WEC: Energy Storage Costs to Drop 70 Percent by 2030

 WEC: Energy Storage Costs to Drop 70 Percent by 2030

A new report published by the World Energy Council (WEC) forecasts strong growth in the global adoption of energy storage.

Released this week at the World Future Energy Summit in Abu Dhabi, the report forecasts a 70 percent reduction in the associated costs of energy storage technologies by 2030, citing this as the driving factor in increased adoption rates of energy storage worldwide. The report also argues that common valuation methodologies may be hindering accurate economic assessment and growth of the global energy storage industry.

The report was headed by lead author Paul Gardner of DNV GL and reflects the work of 23 industry and academic experts from across the world, all of whom are members of the WEC Storage Knowledge Network.

The publication supports its forecast by referencing the many new energy storage technologies currently in R&D pipelines around the world.  “Electrical energy storage costs have already come down, but will have to fall further for broader adoption,” said WEC Secretary General Christoph Frei. “The investment community has good reason to be excited about the innovation and business models that will emerge from new opportunities. With the cost of capturing and storing wind and solar energy coming down, its deployment across the world will increase.”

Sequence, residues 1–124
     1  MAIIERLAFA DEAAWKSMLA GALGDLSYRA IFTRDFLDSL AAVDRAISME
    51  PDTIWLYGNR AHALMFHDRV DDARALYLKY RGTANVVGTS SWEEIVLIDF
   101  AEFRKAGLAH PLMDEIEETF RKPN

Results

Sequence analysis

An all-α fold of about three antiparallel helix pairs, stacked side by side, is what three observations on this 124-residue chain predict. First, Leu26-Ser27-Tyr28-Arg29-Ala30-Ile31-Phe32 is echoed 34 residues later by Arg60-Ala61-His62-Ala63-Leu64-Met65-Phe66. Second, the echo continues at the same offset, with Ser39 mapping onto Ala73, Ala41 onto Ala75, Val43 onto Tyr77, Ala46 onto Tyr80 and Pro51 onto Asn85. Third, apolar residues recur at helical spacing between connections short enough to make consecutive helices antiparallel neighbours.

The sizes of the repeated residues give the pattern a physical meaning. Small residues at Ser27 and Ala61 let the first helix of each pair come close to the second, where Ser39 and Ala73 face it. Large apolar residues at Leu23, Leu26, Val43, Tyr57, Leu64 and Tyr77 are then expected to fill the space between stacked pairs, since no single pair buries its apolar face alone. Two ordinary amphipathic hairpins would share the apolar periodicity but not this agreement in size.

The report further posits that “a narrow focus on costs alone drives the common misperception that electrical energy storage is more expensive than it really is”. According to this assertion, an inaccurate preoccupation with costs comes at the expense of a broader understanding of the value of energy storage technologies across their economic lifespans. The report calls for the true value of energy storage to be recognized by taking into account revenue benefits, further arguing that the widely-used levelized cost of energy (LCOE) methodology hinders the growth of the energy storage industry due to arbitrary metrics that do not allow for differences in application cases. This dependence on LCOE, says the report, also leads to incomplete reporting because it considers only a limited scope of account revenue.

The report calls for five guidelines that will create a policy environment that more accurately assesses the potential of energy storage, encouraging the industry to:

  1. Consider overall value, not simply costs
  2. Examine energy storage through holistic case studies, not simply generic cost estimates
  3. Work with operators and regulators to accelerate the development of flexible markets
  4. Enact a regulatory framework to facilitate future commercial deployment of technology storage
  5. View storage as an essential component of grid expansion

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